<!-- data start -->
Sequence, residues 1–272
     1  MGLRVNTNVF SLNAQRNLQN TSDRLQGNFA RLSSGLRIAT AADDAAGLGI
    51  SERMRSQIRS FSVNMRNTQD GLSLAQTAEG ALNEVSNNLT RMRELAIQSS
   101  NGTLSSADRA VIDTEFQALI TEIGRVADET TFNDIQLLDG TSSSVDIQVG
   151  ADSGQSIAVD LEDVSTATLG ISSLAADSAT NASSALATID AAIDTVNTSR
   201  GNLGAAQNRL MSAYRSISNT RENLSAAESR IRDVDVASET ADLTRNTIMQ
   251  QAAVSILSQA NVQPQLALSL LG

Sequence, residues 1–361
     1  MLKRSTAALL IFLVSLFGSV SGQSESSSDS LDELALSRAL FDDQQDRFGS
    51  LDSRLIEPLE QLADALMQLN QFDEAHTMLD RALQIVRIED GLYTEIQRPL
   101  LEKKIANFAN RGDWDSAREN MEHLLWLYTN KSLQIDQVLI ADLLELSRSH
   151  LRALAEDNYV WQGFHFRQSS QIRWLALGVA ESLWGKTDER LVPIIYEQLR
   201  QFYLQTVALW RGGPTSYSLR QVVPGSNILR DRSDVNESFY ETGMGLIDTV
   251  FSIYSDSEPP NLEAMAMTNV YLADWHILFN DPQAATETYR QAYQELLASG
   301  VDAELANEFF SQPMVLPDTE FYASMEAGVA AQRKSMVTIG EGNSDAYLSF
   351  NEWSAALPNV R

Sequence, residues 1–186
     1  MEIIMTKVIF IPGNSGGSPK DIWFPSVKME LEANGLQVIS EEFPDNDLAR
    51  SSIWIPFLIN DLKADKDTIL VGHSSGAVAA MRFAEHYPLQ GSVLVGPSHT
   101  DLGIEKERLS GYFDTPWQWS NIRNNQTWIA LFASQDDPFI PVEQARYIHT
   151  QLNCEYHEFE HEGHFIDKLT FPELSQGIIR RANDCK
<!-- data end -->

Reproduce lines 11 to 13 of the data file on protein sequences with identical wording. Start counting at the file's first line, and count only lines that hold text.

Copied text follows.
   101  LEKKIANFAN RGDWDSAREN MEHLLWLYTN KSLQIDQVLI ADLLELSRSH
   151  LRALAEDNYV WQGFHFRQSS QIRWLALGVA ESLWGKTDER LVPIIYEQLR
   201  QFYLQTVALW RGGPTSYSLR QVVPGSNILR DRSDVNESFY ETGMGLIDTV